Three horror stories based on the writings of Nathaniel Hawthorne. In the first story titled "Dr. Heidegger's Experiment", Heidegger attempts to restore the youth of himself, his fiancee ... See full summary »
The world in the late 19th century: A scientist and his team are held as "guests" of Robur on his airship, that he want to use to ensure peace on earth. Peace with all, even if he has to bombard military targets all over the world. Can the scientist stop him ?Written by
Stephan Eichenberg <email@example.com>
In the original story the craft could fly, travel on land like an automobile, float like a ship, and go under the water like a submarine. See more »
At a distance, the American sailing ship they attack clearly has no gun ports from which to fire cannons, nor is the sailing ship ever in a position to be able to fire at the airship. See more »
I admire you, Mr. Strock. You do what you feel you must do without caring whether you alienate anyone or whether they understand you or not. That is my way. That is the only way for a man of dedication. I know that you would like to stop me, sir. For that reason, my impulse is to have you destroyed. My desire on the other hand is to have you join me.
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Closing credits: "I take my dream with me. But it will not be lost to humanity. It will belong to you the day the world is educated enough to profit by it and wise enough not to abuse it" From Jules Verne's MASTER OF THE WORLD See more »
The Warner Home Video version runs 95 minutes and has no prologue sequence. The Orion Home Video version runs 99 minutes with the sequence. The laser disc version also includes the original exit music which brings the running time to 104 minutes. See more »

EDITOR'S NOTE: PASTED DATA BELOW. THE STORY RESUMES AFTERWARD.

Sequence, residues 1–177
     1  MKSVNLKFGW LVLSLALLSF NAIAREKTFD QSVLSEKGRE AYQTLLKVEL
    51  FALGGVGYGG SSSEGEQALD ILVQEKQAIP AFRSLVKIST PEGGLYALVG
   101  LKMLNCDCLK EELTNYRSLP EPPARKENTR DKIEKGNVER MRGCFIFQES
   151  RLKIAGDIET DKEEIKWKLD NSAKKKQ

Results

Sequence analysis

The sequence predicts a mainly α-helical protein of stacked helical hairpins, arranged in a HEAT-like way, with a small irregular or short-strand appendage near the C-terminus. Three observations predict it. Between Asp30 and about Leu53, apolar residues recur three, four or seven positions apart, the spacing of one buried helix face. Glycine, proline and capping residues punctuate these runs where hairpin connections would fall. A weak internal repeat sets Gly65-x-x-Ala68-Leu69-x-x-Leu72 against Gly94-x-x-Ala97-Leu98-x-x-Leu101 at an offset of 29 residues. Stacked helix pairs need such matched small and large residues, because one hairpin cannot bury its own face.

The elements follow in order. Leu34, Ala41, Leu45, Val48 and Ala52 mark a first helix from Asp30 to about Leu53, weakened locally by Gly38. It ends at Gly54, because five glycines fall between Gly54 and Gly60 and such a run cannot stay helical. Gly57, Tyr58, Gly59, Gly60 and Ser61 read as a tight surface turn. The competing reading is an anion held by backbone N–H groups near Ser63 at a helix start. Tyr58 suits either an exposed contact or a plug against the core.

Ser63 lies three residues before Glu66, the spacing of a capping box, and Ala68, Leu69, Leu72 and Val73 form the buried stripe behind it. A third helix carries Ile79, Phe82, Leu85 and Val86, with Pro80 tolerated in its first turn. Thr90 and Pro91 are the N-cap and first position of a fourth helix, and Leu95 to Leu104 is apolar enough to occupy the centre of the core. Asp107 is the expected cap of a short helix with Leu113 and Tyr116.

I saw Master of the World mainly because of Vincent Price who is one of my favourite actors. It is far from perfect, but is fun and deserves better credit. The effects are not great where you can tell that they are low-budget, while the stock footage of other costume epics looks rather clumsy, the Globe theatre suddenly appearing in Victorian London also happens to be anachronistic. And Vito Scotti overacts to the verge of embarrassment. However, the costume and set designs are nice to look at and Master of the World is at least well photographed. The music score manages to be both rousing and bombastic, the script while talky is intelligent and humorous and the story is fun. Charles Bronson has been better but he is at least appealing, while Henry Hull is amusing. Stealing the film though is none other than Vincent Price, who commands every frame with his ever effortless suavity and panache, and he is also deliciously sinister when needed. All in all, an enjoyable film with a great Price but at the same time it could have been more. 7/10 Bethany Cox
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